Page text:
Cabinet has approved the submission of the Films and Publications Amendment Bill which is guided by policy that has been criticised for seeking to curb Internet freedoms.
A cabinet statement released last week said the bill seeks to amend the Films and Publications Act of 1996 by adapting it to technological advances.
These changes include catering for online and social media platforms “in order to protect children from being exposed to disturbing and harmful media content in all platforms (physical and online)”.
A draft policy drawn up by content classification body the Film and Publication Board (FPB) is expected to inform the bill.
Topics covered in the draft policy are preventing children from viewing, for example, pornography online. Hate speech and racist content have also been covered by the draft online policy.
“The bill strengthens the duties imposed on mobile networks and internet service providers to protect the public and children during usage of their services,” read a cabinet statement last week.
“The Independent Communications Authority of South Africa (Icasa) will not issue licences or renewals without confirmation from the Film and Publication Board of full compliance with its legislation,” the statement added.
The FPB was not available for comment on what exactly is contained in the amendment bill. Spokesman Janine Raftopoulos said the board is “still going through all the many submissions” regarding the online regulation policy.
“Once we go through those, then only will we be able to put forward that bill to the parliamentary portfolio committee and then on to the minister [Faith Muthambi],” Raftopoulos said.
Gavin Davis, the Democratic Alliance shadow minister for communications, said that the amendment bill has yet to be gazetted and that the communications portfolio committee would still need to “deliberate on it and amend it” before it is signed into law.
But while the bill is intended to protect children from harmful online content, concerns have been raised over the broad terms of the draft policy.
For example, the FPB has said it wanted all Internet material to be classified in South Africa, according to a Government Gazette released in March 2015 which outlined contents of the proposed online regulation policy.
“All online material will need to be classified, in much the same way as films are currently classified. Online pornographic material will be classified as such,” Davis said.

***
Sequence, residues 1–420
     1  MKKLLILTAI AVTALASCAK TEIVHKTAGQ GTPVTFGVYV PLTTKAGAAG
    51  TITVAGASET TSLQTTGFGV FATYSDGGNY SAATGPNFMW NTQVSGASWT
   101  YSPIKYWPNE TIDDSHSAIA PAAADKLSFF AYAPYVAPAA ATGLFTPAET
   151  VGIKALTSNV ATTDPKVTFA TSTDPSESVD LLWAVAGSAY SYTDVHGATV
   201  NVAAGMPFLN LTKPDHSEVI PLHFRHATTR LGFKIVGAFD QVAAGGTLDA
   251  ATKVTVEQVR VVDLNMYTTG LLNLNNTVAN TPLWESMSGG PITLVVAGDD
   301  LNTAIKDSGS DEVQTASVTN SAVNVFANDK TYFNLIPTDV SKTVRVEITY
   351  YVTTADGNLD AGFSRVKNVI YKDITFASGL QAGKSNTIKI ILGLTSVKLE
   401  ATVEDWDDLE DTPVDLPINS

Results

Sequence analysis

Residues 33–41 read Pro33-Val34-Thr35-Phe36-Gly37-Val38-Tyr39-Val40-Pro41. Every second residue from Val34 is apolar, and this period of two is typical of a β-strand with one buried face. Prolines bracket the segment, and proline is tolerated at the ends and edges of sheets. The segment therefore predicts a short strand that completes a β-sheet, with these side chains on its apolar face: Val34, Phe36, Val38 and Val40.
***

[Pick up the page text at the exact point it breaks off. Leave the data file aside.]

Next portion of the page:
“The policy appears to apply to any person who uploads online content, be it via Facebook, Instagram, a blog, or any other online platform. This opens the door for the state to impinge on citizens’ constitutional right to freedom of expression and to impart information,” Davis explained.
Davis further said that if the bill is “based on the draft online regulation policy released earlier this year, it will certainly impact on freedom of expression”.
“According to clause 7.4 of the policy, the FPB has the power to have any content deemed ‘potentially harmful and disturbing to children’ taken down.
“When read with the Film and Publications Act, the policy will empower the board to ban — by way of an ‘XX’ classification — any online content that is ‘degrading’ or ‘promotes harmful behaviour’.
“The broadness of these terms gives the government significant latitude to proscribe content that does not fit in with the governing party’s political agenda and worldview,” said Davis.
Previously, the policy’s reach was also expected to impact on online publishers by forcing them to apply to the board to have their content classified.
However, a key compromise was made in this regard as members of the Press Council are exempt from the policy.
This means that members of the Press Council will have their online content governed by the Press Code and not the online regulation policy.
“We’ve had positive confirmation from the FPB CEO that the current exemption that applies to the press will be extended to general press content irrespective of the medium in which it is published,” Andrew Allison, head of the Regulatory Affairs for the IAB, said last month.
Apart from public consultations possibly changing the board’s contents in the online regulation policy, final amendments to the policy can still be made in parliament.
“Yes, the bill has not yet come before parliament so there will be opportunity to amend it,” Davis said.
“Now it needs to come to parliament before the communications portfolio committee. We will deliberate on it, and amend where necessary before it is passed in the national assembly and then signed into law by the president,” Davis said. — Fin24